Do you grade a movie like "Maxed Out" on intentions or execution? On the loudness of the alarm bell it so righteously rings or on the discordant tones and missing notes? James Scurlock's documentary horror show has a critical message to impart -- your credit cards are out to kill you -- and a naive, ham - handed way of imparting it. Maybe you just advise readers to see it and hope they bring their common sense.
"Maxed Out" presses the case that America has become a debtor nation on every conceivable level -- the average American family owes at least $9,000 -- and that banking corporations are doing everything in their power to keep it that way. Credit - card recruiters appear on campus, promising low rates and trapping students in a never-ending spiral. (Scurlock interviews two moms whose college-age children hung themselves over mounting debts.)
Mortgages are traded from company to company until the terms change for the worse and home owners are forced to foreclose. Bait-and-switch interest rates guarantee you'll end up paying $2 for every $1 in credit - card purchases. Paying the monthly minimum just means you fork over money until you die. Late payments? That's what banks want, since they can jack up rates further.
Where's the government? Please. "Maxed Out" trots out C-SPAN footage of Capitol Hill rolling over to corporate lobbyists, passing an anti-bankruptcy measure in 2005. President Bush's number - one campaign contributor, we're told, is the country's second - largest lender,
"Maxed Out" reserves special contempt for the bottom feeders, fly-by-night collectors who buy up bad paper. They call neighbors and bosses, exacting maximum humiliation until someone, anyone, pays up. "We're like a dating service for debt," says one smug frat boy-turned-repo man.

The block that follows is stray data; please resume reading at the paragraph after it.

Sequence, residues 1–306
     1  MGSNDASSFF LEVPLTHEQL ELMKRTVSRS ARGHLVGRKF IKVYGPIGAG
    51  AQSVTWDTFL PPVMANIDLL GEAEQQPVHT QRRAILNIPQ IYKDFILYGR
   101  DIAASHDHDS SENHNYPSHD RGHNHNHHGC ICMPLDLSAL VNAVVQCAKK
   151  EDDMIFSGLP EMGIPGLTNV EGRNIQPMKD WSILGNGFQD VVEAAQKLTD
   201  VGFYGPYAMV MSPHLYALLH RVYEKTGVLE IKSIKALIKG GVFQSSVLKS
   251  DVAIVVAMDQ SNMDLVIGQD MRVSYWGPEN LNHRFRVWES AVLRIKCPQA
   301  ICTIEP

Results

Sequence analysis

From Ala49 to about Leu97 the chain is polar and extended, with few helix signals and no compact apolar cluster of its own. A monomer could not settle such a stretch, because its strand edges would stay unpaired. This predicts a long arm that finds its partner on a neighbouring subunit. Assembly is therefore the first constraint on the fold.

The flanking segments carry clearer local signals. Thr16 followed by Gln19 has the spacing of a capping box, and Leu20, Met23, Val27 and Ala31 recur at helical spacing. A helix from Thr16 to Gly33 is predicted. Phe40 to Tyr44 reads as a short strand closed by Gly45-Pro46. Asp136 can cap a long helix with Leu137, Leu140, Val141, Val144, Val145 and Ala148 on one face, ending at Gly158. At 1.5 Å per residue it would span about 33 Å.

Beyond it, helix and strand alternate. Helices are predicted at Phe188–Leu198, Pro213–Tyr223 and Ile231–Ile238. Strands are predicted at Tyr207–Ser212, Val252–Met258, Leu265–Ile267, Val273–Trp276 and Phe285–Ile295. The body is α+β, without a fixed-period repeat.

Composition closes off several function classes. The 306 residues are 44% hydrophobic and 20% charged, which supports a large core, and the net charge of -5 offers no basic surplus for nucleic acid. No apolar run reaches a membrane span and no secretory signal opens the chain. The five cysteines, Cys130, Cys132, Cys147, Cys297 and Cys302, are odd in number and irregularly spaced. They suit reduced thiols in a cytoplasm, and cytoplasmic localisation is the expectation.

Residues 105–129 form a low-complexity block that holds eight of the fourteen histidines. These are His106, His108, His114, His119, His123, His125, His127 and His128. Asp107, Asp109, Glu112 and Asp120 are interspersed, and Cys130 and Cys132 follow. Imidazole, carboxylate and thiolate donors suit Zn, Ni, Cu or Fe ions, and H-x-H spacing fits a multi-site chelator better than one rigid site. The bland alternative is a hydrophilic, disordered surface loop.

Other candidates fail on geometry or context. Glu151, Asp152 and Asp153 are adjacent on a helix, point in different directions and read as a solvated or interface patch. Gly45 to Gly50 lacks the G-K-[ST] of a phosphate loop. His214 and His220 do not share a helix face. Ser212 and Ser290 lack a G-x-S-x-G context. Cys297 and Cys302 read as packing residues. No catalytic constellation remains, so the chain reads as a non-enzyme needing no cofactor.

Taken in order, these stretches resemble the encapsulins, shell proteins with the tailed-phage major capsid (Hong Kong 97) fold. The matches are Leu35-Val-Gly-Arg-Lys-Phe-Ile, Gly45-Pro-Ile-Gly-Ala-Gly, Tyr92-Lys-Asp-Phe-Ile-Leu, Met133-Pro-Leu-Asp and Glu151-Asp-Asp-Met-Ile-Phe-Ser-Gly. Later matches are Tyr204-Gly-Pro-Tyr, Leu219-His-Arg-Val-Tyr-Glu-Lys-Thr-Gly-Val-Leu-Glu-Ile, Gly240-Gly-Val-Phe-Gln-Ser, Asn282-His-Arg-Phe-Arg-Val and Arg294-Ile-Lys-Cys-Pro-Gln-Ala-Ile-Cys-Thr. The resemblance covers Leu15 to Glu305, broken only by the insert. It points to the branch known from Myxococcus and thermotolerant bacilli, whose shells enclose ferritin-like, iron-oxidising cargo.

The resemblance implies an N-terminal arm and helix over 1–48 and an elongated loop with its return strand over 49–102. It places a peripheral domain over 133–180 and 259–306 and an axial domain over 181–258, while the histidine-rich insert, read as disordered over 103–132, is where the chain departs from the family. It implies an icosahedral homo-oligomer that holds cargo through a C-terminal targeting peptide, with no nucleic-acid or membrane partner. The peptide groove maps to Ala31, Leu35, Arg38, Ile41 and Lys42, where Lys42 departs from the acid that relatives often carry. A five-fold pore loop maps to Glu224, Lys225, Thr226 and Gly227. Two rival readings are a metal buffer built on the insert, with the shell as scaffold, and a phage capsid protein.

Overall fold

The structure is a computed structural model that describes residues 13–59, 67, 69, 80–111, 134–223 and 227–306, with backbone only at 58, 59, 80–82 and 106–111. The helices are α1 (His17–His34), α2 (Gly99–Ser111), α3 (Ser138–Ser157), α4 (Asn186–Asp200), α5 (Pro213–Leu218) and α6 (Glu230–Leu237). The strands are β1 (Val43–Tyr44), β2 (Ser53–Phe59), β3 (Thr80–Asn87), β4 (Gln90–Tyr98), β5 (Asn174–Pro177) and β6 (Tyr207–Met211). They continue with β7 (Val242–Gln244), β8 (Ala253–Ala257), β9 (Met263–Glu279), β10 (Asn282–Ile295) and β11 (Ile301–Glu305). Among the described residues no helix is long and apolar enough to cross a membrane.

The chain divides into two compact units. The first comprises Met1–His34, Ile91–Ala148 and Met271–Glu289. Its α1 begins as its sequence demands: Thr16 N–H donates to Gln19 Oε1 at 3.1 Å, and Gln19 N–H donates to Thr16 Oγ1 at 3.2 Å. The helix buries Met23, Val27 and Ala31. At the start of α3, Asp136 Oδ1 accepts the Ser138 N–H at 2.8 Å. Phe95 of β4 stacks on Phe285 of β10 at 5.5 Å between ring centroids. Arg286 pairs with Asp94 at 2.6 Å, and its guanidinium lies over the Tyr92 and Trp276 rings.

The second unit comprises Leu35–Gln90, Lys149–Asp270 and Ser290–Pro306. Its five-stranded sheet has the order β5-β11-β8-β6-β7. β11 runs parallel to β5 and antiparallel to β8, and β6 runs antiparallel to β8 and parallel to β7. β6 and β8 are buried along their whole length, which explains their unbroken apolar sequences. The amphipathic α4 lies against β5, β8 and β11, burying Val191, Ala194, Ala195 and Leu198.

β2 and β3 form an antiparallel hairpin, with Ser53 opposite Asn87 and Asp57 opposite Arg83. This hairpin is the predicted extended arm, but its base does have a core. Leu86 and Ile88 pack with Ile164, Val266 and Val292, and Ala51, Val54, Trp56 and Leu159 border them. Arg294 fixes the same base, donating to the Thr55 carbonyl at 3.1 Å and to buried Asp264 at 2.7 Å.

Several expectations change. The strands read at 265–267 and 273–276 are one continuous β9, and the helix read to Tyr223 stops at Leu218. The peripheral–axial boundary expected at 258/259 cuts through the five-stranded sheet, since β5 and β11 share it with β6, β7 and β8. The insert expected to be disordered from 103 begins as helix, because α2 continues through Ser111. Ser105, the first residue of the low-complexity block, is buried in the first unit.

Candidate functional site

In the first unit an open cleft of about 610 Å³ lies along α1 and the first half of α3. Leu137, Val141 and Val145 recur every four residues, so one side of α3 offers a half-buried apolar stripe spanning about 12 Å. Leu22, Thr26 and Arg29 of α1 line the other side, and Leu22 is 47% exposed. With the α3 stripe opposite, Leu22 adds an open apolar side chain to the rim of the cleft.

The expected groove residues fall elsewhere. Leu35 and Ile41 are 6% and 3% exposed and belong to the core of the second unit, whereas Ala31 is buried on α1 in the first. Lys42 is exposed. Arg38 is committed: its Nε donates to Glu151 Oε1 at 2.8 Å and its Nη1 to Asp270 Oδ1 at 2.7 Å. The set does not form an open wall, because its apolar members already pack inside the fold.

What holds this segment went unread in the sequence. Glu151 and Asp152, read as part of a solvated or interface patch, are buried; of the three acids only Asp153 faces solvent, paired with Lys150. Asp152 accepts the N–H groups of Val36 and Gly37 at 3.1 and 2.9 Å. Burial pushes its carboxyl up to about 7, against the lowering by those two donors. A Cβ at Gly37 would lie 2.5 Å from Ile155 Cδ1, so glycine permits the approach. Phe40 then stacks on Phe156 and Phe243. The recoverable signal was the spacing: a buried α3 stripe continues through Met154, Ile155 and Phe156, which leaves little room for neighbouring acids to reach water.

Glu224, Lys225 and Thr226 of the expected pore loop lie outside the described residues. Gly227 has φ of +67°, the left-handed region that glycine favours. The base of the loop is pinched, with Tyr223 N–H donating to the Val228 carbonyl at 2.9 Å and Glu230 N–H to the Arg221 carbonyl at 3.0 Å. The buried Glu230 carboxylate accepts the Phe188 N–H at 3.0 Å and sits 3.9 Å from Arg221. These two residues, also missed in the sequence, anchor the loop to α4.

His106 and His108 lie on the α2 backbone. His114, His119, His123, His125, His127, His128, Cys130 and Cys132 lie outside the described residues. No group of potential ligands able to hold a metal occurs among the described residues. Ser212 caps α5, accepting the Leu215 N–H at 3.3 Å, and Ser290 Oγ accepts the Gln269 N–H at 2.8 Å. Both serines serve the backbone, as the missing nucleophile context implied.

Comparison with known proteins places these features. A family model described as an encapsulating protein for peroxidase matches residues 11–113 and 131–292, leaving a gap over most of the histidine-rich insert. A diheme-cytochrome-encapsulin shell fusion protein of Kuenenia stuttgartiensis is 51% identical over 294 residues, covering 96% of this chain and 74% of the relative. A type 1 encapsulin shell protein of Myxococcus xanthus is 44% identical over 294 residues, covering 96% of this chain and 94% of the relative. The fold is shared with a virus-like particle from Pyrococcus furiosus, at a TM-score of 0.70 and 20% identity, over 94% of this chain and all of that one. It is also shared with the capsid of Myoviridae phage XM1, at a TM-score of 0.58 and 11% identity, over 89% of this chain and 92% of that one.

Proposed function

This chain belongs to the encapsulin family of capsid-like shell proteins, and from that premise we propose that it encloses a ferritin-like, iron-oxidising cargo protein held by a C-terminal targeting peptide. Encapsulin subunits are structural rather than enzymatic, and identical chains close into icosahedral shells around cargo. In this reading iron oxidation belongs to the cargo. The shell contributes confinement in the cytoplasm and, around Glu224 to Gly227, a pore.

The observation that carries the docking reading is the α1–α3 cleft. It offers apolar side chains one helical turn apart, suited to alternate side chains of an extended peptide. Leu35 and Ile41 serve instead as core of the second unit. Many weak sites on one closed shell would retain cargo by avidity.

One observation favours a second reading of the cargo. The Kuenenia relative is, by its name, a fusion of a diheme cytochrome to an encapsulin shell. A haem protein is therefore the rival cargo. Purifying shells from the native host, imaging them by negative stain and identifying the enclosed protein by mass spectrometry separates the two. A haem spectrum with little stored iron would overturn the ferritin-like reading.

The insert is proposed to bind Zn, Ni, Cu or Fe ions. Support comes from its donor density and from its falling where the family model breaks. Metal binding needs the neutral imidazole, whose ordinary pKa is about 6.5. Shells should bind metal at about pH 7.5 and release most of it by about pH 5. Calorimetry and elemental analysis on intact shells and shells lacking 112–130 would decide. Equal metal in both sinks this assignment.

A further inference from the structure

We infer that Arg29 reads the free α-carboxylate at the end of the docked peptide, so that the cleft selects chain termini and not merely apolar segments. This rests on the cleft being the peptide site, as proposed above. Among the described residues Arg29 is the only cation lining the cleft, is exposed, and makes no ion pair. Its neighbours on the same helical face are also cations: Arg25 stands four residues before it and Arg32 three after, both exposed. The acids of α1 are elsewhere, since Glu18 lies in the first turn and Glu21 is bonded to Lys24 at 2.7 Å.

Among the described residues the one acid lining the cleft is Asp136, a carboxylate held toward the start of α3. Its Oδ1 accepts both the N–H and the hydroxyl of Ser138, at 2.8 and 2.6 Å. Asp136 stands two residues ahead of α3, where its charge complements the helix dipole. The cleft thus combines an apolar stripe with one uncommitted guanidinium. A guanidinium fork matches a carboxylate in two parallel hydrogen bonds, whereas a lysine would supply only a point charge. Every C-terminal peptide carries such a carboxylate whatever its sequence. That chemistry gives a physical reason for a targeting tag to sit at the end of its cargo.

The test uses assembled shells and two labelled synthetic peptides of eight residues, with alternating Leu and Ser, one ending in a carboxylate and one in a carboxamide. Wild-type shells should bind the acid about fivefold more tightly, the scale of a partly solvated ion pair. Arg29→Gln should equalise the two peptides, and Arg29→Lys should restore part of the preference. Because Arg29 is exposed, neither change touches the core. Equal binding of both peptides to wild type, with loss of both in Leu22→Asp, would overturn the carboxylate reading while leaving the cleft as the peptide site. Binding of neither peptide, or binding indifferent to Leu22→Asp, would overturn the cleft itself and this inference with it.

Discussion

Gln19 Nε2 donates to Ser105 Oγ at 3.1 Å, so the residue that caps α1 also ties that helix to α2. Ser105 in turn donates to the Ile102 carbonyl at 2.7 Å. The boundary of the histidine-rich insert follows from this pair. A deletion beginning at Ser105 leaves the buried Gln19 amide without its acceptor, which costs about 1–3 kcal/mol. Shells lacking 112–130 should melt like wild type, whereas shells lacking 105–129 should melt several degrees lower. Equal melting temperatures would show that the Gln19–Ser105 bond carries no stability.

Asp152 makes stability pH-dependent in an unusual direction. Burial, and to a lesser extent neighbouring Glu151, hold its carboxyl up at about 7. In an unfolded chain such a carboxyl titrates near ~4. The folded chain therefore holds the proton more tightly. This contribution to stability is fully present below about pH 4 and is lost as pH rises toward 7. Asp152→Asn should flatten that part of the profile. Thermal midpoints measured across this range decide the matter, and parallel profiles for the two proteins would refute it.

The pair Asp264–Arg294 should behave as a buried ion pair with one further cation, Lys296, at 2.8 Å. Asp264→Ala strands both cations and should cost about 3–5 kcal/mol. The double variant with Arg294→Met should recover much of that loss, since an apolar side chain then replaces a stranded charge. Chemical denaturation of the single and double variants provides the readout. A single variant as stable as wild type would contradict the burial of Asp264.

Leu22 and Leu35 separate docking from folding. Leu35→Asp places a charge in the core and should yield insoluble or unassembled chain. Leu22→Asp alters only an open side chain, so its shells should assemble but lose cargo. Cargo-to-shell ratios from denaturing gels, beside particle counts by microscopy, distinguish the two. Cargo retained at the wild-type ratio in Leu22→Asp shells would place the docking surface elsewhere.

Scurlock talks to a Harvard Law professor (Elizabeth Warren , cogent and worried), to the owner of a "yuppie pawn shop" that doubles as a bank for the Rolex-owning semi-rich. He digs up a hokey old documentary from the early '60s, featuring sober old "Mr. Money" advising students that "credit isn't given, it's earned."
Only once, though, does the notion of (dare I say it?) personal fiscal responsibility get an airing, when a sweet old lady facing foreclosure admits, "If I'd read the fine print, they were right -- I signed my life away." Well, yes, dear, you did. "Maxed Out" correctly points out that banking corporations can be rapacious, profit-addled entities dedicated to gulling the foolish, but in the agit-pop tradition of Michael Moore, it goes for the celebrity gotcha: shots of Bush -- a fish in a barrel at this point -- author Suze Orman (we're told she has a deal with credit-report company FICO but we're not given any details), Jerry Falwell , Robin Leach . Why Robin Leach? Mostly so he can say "No one wants to watch 'Lifestyles of the Poor and Unknown.' "
Would that Scurlock had probed that side of things: The American obsession with stuff and the culture that sells it to us 24/7. "Maxed Out" focuses on how much we're in hock without ever really wondering why we need to buy. What hole in our souls are we filling with that new iPod? Why are we terrified to live within our means? To go there, you have to ask why people feel they're simply owed the American dream. To go there, you have to blame us as well as Them.